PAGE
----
I’ll say that again: Bravo, Stephen A. Smith.
For those who may have missed it, Stephen A. Smith made some contestable remarks following Conor McGregor’s 40-second KO win versus Donald “Cowboy” Cerrone at UFC 246. What followed was a virtual onslaught of Smith’s post-fight criticism. I’ll go so far as to say Smith was demonized for his remarks of Cerrone’s fight. I thought it would die down in a few days.
I. Was. Wrong.
I wanted to write this piece Sunday morning after Smith responded to Joe Rogan and Josh Thomson eviscerating him on the Joe Rogan Experience.
Unfortunately, the sports world lost a rather significant icon, tragically. In the sports world, Kobe Bryant was all anyone could talk about and for good reason.
But then magically, the Rogan-Smith feud was revived by other MMA media in Luke Thomas and Brendan Schaub. I realized that, ten days later, this wasn’t going away. Not only was Smith wrong, he was offensive and had no business in that arena on this, the 18th day of the year 2020. And the rallying cry from the MMA community was heard far and wide: NAIL THIS MAN TO A FUCKING CROSS!
To the MMA community, let me say this: Stephen A. Smith is not your enemy. Smith has made a career, spanning the entire length of the UFC, as a member of the sports media. He has also developed a brand of sports journalism that is vocal and unrelenting. His remarks regarding McGregor’s dominance over Cerrone may have sounded harsh and uncouth, but the way the MMA pundits pounced on his every word has been otherworldly.
I get it, Cowboy Cerrone is an MMA legend and easily UFC hall of fame worthy. But he lost to the better fighter within 40 seconds of the fight. When discussing the fight, Smith stated that, “we haven’t learned a damn thing about Conor McGregor based off of this fight.”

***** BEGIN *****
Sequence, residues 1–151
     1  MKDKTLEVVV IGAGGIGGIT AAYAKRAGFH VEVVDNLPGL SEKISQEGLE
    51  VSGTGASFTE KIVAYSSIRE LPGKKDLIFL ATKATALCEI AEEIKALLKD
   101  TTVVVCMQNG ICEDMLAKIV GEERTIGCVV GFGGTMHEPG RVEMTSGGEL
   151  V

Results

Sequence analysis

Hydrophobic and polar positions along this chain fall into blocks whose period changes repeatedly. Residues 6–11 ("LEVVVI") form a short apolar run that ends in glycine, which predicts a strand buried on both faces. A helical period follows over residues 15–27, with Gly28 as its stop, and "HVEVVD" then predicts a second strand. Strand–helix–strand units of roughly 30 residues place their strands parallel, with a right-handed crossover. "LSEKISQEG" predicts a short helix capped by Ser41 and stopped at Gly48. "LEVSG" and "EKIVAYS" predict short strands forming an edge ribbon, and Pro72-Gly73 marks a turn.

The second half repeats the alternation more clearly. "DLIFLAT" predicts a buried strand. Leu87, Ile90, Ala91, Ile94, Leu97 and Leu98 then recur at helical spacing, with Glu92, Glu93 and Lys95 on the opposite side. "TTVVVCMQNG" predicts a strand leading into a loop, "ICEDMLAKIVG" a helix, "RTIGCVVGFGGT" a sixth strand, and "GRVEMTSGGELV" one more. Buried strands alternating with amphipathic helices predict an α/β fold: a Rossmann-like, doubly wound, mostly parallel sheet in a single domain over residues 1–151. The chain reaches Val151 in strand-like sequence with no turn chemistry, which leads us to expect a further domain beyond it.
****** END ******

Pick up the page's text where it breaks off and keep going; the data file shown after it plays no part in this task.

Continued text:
“If you love this sport, you’ve gotta be happy Conor McGregor won. But you didn’t learn anything from tonight’s fight because Cowboy Cerrone just didn’t show up. I could’ve ran for 40 seconds,” Smith continued.
Those words sparked the aforementioned conversation between Joe Rogan and Josh Thomson.
The conversation should have ended at, “this man is wrong.” But when the bough breaks, the cradle will fall. What followed touched on everything between “this guy should never be allowed to talk about fighting,” to ridiculing a video of Smith’s mitt work. The latter of those is indefensible and akin to fat shaming. But, whatever, you felt he disrespected Cerrone and this would be an eye-for-an-eye, fine. But here is where the questioning of sports journalism goes too far:
“When fighters lose its fucking devastating,” Rogan stated
“You’ve got to have respect for that man. This sport demands a different perspective. It is not the same thing as a ball going into a hoop. It is not the same thing as crossing a line with a football. It’s different. It’s very intense and very personal. And it’s also very fucking dangerous and to play it off like it’s just a game, I just don’t agree with it. And I think we have plenty of fucking people out there that understand the sport,” he continued.
Let me see if I understand this correctly:
In the history of sports broadcasting and journalism, there is one sport where the athletes are protected from public scrutiny. MMA fighters are the exception to the rule. But not boxing, just MMA because combat sports isn’t all-encompassing. Did I miss something in my AP English and college writing courses? Was I absent when they discussed that in Radio Broadcasting?
The last part of Rogan’s diatribe I will address has to be the most disturbing thing that was said. Roughly 13 minutes into the discussion Josh Thomson posed a hypothetical situation of how certain fighters would react to Smith if they saw him in an elevator.
“Think about this, if he said something like that about a Nate or Nick Diaz, and they saw him in that fucking elevator, they would fuck him up,” he stated.